A Loving God–What it Means to Me
I didn’t grow up in any particular faith, but I was taught about God and Jesus Christ. Over time, I developed my own ideas of who God was. Because He is called the Father, I saw in God the qualities of my own father. I looked to a God who was intelligent, who encouraged me to be everything I could be, who was there for me, who wanted me to have the best of his life and more, and a father who was, therefore, loving.
As I got older and began visiting churches, however, it seemed hard to find this God. The God presented to me just didn’t seem very loving or to have anyone’s best interest at heart. Why would a God who loves His children play favorites, letting some hear the gospel and be saved, while others have no opportunity to hear it and are doomed? Why would He condemn small children who died because their parents failed to baptize them? Why did He put people on Earth in such differing circumstances?
Mainstream Christianity didn’t seem to have an answer to those questions. The Mormons, when I met them, did. I listened.
There I found the God I had always known existed. God, the Mormons taught, created our spirits before we were born and kept us with Him for a while. He knew us and we knew Him. This was the personal God I had been seeking, one who loved me because we had a shared history and because He really knew me.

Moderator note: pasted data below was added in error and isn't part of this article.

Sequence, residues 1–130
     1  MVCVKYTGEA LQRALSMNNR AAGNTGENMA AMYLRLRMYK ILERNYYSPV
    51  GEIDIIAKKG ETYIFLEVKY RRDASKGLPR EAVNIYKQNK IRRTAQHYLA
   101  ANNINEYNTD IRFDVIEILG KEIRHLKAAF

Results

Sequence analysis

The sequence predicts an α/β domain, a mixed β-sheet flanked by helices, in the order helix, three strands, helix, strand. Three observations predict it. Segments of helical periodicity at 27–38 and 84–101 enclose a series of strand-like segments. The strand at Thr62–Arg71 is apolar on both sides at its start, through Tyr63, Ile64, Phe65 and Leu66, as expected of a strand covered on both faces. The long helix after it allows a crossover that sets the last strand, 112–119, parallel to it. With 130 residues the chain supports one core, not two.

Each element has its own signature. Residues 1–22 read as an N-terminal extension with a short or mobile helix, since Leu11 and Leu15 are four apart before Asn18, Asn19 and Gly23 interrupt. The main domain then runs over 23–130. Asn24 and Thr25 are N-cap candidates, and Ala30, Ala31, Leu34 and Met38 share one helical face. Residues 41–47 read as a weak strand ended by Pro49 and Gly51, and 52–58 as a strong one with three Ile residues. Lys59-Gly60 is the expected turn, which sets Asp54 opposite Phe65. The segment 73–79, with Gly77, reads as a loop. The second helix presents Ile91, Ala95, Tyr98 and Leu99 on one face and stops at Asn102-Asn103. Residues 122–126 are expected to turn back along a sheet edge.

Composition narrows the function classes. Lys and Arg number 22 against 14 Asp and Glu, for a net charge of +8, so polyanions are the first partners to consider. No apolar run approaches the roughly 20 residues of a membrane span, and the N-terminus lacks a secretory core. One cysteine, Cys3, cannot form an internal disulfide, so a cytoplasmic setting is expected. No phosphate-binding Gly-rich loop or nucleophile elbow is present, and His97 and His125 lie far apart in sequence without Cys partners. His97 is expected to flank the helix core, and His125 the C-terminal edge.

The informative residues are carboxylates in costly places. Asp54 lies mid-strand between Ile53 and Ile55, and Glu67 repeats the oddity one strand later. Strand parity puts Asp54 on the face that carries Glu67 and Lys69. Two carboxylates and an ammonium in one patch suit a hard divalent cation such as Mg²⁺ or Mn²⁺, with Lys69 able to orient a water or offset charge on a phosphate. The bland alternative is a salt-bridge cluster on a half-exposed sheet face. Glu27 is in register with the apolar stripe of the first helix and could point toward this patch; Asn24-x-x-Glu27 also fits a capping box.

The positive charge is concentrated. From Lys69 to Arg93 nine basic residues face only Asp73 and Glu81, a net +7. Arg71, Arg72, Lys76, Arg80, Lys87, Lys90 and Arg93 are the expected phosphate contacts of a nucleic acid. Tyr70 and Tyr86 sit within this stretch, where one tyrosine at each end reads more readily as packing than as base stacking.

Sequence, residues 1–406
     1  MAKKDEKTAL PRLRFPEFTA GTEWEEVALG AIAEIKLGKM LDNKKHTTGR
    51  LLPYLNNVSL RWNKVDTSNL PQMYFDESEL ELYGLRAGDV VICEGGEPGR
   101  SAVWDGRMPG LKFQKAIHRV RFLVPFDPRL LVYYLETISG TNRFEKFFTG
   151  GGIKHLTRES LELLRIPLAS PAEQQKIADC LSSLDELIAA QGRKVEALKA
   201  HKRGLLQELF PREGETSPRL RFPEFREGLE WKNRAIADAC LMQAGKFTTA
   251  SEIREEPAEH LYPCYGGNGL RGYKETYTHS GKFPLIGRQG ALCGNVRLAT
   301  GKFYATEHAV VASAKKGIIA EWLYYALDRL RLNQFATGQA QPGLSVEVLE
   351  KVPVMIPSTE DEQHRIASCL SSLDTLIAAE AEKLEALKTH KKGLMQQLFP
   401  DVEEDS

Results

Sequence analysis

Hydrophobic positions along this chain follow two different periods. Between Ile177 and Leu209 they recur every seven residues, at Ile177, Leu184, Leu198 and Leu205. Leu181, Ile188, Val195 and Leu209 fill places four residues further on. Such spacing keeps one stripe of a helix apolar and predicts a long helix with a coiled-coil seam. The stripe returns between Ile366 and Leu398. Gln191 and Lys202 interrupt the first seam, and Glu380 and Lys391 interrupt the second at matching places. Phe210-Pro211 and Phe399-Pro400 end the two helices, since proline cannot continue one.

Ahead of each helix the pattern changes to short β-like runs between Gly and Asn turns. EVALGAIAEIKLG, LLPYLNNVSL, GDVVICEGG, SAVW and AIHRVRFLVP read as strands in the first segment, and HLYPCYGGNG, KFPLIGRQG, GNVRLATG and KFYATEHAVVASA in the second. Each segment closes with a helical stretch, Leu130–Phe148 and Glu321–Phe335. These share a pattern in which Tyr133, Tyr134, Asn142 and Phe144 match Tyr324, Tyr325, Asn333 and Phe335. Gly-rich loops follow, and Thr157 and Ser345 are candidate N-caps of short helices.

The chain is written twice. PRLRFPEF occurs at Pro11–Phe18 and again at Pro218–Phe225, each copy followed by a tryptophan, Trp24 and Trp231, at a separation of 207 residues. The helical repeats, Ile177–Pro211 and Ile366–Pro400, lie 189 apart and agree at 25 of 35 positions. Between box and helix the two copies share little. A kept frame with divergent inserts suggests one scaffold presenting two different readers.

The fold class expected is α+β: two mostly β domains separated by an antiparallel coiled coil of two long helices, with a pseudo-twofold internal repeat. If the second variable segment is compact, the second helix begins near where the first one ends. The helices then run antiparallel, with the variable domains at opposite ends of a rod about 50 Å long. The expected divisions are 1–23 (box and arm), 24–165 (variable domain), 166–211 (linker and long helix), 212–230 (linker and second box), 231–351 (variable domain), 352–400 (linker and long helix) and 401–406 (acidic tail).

The Mormons taught me that God created the Earth to give us experiences we couldn’t have in Heaven or without a body. He planned our Earth life to be exactly calculated to what we needed. Our own choices would impact our experiences, but we could make of our time on Earth what we chose to make of it. We could choose our attitudes and beliefs and how to live within whatever options were available to us.
I could see for myself how this fit into the idea of a loving God. I noticed that people with very similar circumstances often ended up in different places because of the choices they made and the attitudes they took towards their challenges. I noticed that what was a blessing for one person was a trial for another and that people with seemingly easy lives just faced different kinds of trials.
I learned from the Mormons that God does not punish innocent little children because the atonement covered and protected them. They can’t sin and are not accountable for their choices until they are eight years old. Then they are accountable for what they know.
I learned from the Mormons that God did not randomly place on in a situation where we’d never hear of Him or of Jesus, thus causing us to suffer eternal punishment. He knew some of us would never have the opportunity to accept Jesus Christ as our Savior. He didn’t put us there because He knew we’d never accept Him anyway. He wanted each of us to have a chance—He wanted each of us to choose eternal life. For this reason, He planned that anyone who did not have the opportunity to accept Jesus Christ as His Savior in this life would receive it in the next. Since baptism is required, He also found a way for someone to be baptized on our behalf if we die without baptism. When that happens, we have the choice to accept it or reject it, just as we would have on Earth. If we reject it, it will be as if it never happened. If we accept it, it will have the same force as if we accepted it during mortality.
I learned that God loved me enough to send His Son to atone for my sins and to die for me in a very personal, individual process. It takes a powerful love to watch your child suffer and not rescue Him from it.
Everything I learned from the Mormons pointed me to a loving God—and this is one reason I became a Mormon.